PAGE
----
• Vol. 09
  • Chapter 10
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Ophthalmology of the Third Kind

I turn a blind eye
to my ophthalmologist’s prophecy
and insist on seeing the world
as it really is. (An empty train ―
blood, sweat and tears ― a journey
with no destination, only towards
soullessness and fear.)

There isn’t much hope
for any extravagant promises,
on earth as in heaven,
of kingdoms of righteousness. (The innocents
are being mown down as we speak,
as we eat, as we watch the news and sleep.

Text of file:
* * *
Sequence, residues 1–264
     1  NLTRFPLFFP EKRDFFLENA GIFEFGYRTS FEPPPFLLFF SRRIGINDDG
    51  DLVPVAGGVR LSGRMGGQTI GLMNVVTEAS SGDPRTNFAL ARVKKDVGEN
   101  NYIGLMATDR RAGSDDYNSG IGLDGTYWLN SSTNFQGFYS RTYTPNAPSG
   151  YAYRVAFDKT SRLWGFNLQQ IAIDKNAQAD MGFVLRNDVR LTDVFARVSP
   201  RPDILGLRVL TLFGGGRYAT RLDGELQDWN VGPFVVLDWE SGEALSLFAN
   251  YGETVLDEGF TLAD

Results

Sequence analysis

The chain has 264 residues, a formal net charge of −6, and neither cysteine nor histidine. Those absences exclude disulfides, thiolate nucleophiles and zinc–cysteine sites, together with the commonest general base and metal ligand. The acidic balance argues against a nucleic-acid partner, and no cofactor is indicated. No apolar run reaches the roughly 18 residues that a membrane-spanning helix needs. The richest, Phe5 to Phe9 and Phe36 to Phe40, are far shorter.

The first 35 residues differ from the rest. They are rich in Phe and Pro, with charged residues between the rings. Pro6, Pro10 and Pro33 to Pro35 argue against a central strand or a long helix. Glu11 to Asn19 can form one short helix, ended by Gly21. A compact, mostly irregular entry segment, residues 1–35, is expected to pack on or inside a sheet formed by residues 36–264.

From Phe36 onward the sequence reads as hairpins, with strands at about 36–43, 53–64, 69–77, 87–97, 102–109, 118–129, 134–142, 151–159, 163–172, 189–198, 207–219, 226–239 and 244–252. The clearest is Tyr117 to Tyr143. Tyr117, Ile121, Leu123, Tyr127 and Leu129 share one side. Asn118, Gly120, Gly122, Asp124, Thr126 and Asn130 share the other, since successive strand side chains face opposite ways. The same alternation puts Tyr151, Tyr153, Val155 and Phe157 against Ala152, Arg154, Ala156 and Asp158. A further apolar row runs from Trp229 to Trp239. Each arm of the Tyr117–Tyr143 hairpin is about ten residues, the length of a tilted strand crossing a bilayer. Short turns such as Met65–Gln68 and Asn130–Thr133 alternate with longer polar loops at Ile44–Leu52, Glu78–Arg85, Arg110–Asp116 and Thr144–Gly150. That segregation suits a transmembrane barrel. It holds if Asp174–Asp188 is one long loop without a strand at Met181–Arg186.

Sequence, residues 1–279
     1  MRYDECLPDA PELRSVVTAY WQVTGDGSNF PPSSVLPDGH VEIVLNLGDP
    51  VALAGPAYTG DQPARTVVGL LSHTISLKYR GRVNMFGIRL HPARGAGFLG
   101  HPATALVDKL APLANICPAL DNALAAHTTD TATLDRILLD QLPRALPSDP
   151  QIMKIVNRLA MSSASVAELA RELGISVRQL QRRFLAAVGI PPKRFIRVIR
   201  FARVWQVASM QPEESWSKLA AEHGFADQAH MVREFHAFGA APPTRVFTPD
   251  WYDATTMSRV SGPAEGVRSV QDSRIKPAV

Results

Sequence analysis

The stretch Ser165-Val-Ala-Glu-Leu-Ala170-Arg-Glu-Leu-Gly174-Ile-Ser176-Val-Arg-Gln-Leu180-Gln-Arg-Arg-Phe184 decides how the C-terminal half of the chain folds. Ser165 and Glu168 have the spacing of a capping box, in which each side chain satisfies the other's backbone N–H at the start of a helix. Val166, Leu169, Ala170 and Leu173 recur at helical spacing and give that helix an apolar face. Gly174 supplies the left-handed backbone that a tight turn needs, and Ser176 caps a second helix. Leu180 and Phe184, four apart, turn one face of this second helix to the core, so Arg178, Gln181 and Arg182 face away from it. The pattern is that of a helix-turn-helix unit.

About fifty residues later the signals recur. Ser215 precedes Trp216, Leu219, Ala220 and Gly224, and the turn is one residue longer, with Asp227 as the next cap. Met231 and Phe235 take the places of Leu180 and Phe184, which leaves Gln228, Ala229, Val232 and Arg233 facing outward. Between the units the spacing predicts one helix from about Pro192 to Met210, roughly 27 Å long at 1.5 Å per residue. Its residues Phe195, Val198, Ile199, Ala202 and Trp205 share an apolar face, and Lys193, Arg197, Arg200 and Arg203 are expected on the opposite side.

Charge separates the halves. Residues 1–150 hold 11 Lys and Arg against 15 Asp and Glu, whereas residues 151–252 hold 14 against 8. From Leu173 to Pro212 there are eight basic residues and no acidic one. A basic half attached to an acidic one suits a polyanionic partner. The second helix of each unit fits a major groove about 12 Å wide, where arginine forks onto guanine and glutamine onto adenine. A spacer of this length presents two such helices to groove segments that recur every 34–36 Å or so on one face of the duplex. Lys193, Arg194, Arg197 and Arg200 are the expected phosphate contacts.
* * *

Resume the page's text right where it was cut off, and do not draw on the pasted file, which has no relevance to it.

Mowers are lethal war machines.)

You see alchemy in reverse:
all your banknotes discarded as scrap,
which buys nothing other than
a soggy loaf of your daily bread. (Hallowed
be their names ― those who are always ahead ―
and nobody now remembers the stark warning:
“Mind the gap!”)

Mothers weep while babies starve,
and high-flying executives are busy burying
their heads in charts and graphs,
calculating their ten-digit largesse. (Even dogs
under the master’s table can eat scraps,
but not those who have to cross borders,
who have a foreign face, in permanent regret.)


Ophthalmology of the Third Kind

Who now is the Father?
Who the Son? Who the trespassers?
Who the trespassed? No ―
don’t expect answers! (Sins of the fathers,
rucksacks on sore backs, all booby-trapped;
you can’t escape, you’re tempting fate!
Now the doors will close ― it’s been long foretold.)